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Slather this mixture over both sides of steak, optionally letting rest for 15-30 minutes. Then, put in pre-heated oven set to broil, 5 minutes for the first side, 4.5 minutes for the second side, about 3 inches from the broiler element. This will achieve a nice medium-rare steak.  Rub remaining softened butter on the steak (I’m not even kidding. Take it from me, that’s why restaurant steaks/everything else taste so damn good. Butter).  Let it rest for 5-10 minutes afterwards, so the juices re-distribute throughout the meat. Also, Food Handler’s courses will tell you otherwise, but it’s best to let your steak come up to room temp first, so let it sit outside of the fridge for 45 minutes or so before you even start with the whole procedure… Just makes for a better steak. Better broil/grill and so forth.
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For the trempette (heh, heh, heh. Dip):
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Ingredients
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3/4 cup sour cream
1/3 cup mayonnaise (homemade is best, but you know that, my little gourmands)
1 Tbsp fresh lemon zest
3 Tbsp fresh lemon juice (add more if you wish to have more tangy zangy)
2 grated or minced garlic cloves
1 tsp salt (I used kosher)
1/4 tsp black pepper
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Method
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Mix it all up! That’s it!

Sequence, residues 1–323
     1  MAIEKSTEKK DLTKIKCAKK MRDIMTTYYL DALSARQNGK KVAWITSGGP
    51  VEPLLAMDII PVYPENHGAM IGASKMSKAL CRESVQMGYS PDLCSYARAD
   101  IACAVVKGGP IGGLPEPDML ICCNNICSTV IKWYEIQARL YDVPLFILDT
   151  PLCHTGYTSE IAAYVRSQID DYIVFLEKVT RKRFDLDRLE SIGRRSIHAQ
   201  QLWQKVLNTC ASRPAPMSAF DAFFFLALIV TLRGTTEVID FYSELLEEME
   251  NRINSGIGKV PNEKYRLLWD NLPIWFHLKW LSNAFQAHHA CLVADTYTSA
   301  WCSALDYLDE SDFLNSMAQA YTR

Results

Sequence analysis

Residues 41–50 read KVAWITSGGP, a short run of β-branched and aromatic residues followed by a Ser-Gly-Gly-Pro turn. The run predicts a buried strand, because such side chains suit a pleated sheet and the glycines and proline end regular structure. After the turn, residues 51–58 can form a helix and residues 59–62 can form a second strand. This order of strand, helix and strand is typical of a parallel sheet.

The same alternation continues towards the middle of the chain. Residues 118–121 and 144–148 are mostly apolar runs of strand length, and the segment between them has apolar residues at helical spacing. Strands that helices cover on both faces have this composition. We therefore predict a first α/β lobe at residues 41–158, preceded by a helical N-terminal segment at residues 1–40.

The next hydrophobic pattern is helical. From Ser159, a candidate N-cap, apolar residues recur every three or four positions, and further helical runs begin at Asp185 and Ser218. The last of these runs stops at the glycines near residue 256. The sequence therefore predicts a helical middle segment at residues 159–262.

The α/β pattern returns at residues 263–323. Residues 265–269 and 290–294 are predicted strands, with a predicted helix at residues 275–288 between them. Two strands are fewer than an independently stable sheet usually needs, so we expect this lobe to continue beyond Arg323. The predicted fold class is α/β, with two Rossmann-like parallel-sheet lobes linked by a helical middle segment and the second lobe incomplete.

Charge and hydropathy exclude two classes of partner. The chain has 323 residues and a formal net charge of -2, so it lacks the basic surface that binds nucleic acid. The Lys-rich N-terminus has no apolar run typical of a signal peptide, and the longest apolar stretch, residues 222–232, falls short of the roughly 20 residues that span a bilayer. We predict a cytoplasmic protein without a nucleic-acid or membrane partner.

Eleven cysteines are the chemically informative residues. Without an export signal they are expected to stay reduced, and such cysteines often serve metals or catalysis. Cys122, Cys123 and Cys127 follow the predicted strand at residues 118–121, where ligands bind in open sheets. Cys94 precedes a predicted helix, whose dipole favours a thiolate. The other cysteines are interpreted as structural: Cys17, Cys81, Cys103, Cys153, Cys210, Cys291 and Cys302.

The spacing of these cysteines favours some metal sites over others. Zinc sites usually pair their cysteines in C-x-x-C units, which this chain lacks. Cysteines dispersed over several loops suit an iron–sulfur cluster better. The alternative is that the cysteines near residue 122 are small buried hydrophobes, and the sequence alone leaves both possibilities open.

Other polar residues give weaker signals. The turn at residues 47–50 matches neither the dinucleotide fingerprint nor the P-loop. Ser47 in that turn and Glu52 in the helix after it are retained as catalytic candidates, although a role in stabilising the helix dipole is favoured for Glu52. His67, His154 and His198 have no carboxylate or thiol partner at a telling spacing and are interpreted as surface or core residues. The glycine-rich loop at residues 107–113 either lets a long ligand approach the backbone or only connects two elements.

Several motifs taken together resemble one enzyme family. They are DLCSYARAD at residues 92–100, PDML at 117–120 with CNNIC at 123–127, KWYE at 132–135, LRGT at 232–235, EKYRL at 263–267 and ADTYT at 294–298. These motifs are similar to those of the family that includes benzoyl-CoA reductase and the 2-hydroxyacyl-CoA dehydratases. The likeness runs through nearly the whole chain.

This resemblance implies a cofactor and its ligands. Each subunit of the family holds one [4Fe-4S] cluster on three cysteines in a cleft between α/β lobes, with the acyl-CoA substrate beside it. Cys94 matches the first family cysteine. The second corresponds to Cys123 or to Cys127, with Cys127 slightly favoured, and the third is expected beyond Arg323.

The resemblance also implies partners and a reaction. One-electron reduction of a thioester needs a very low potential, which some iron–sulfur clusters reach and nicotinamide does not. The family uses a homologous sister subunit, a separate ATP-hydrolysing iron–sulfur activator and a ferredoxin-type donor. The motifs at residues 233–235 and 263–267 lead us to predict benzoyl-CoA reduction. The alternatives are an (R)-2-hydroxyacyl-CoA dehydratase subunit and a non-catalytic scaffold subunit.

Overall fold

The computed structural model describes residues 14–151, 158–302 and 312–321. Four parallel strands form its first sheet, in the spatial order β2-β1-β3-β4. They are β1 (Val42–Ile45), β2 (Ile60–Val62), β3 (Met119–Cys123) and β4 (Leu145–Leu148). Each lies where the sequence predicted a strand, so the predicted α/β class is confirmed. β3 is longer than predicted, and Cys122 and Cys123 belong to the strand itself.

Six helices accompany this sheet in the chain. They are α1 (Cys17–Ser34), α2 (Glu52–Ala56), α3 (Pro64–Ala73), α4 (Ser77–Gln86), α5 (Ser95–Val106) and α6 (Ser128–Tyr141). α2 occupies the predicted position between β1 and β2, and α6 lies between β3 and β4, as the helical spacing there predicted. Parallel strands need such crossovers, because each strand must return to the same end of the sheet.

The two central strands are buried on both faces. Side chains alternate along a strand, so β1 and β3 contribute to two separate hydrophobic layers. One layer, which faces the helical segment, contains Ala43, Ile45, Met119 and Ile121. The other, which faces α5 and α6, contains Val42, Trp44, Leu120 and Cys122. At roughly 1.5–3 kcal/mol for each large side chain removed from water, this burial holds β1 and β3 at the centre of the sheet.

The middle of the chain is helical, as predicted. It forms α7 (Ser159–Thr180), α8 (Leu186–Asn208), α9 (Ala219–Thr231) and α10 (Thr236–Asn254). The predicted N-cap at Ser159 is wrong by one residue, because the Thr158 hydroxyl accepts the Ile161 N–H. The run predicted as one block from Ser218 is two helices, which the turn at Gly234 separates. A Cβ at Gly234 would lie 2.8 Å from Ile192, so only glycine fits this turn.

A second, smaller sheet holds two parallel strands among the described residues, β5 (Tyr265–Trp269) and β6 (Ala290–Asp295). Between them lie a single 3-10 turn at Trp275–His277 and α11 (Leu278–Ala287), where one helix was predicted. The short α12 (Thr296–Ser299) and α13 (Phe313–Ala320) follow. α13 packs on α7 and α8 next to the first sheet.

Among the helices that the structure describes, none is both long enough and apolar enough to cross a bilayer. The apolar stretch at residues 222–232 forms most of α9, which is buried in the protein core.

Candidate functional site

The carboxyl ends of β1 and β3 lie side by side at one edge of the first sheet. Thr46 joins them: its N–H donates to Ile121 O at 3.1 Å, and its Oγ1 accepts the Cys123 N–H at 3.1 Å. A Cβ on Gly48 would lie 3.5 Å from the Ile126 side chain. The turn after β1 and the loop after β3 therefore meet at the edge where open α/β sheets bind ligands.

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For such a simple dip, it was incredibly good – we even ended up putting some on our potatoes! The garlic and black pepper added some peppiness, a little bit of heat, which was really nice. I might also suggest adding some fresh dill to this, if I had some, I definitely would have.
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Anyhow, that’s all for now. I WILL get to that apple dumpling recipe soon, but that rogue steak told me to do otherwise for today’s post… Right now, I’ve got sleep to catch up on, Food Porn did me in last night (I’M SUCH A CARD, HO HO).
Megohm over and out!

 

It bin too long. January 5, 2010

Filed under: Appetizers,Main Dishes — Meg @ 6:01 am

And I’m so full of New Year cheer, here’s a recipe. WHAAAAAAAAAAAAT?!

The happs – they have been crazy. No need to explain, just eat some shrimp. These are pleasantly heated. Yes!

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Jon’s Spicy Citrus Shrimp

  • 2-3 jalapeno peppers, roughly chopped (remove seeds if desired)
  • 5 garlic cloves, sliced
  • 3 tangerines, juiced, zest of 1
  • 1 lemon, juiced and zested
  • 1lime, juiced and zested
  • 1/2 onion, sliced
  • 1/2 grated ginger
  • 1/4 cup soy sauce
  • 3 tablespoons olive oil
  • 4-5  sprigs fresh thyme, coarsely chopped
  • 1/2 teaspoon chili flakes
  • 1 lb raw black tiger shrimp peeled and de-veined
  • 1/2 teaspoon cumin

Directions

Combine all ingredients except shrimp in a heavy plastic freezer bag, or in a large, shallow bowl.
Immerse shrimp in marinade, and refrigerate 30 minutes.
Skewer shrimp and place on a baking sheet, pouring a little bit of marinade over each skewer.
Broil 2-3 minutes each side.

IF you want (and I recommend), reserve and strain some of the marinade (prior to adding shrimp) into a small saucepan and bring to a boil, and let it reduce by about 1/4 in volume. You will be left with a sauce. You can put it on rice. It’s good. I promise.

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My new year’s resolution includes making you fat. Okay! More posts!

(I realize this post is sub-par, but it comes out of neglect and desperation, like an English essay where you find out there is no extension coming your way. There is only one phrase to describe such a situation: “Balls.” And it is applicable here.)

Jon would also like to inform you all that he is watching “Dirty Jobs,” on Discovery, and he loves Mike Rowe.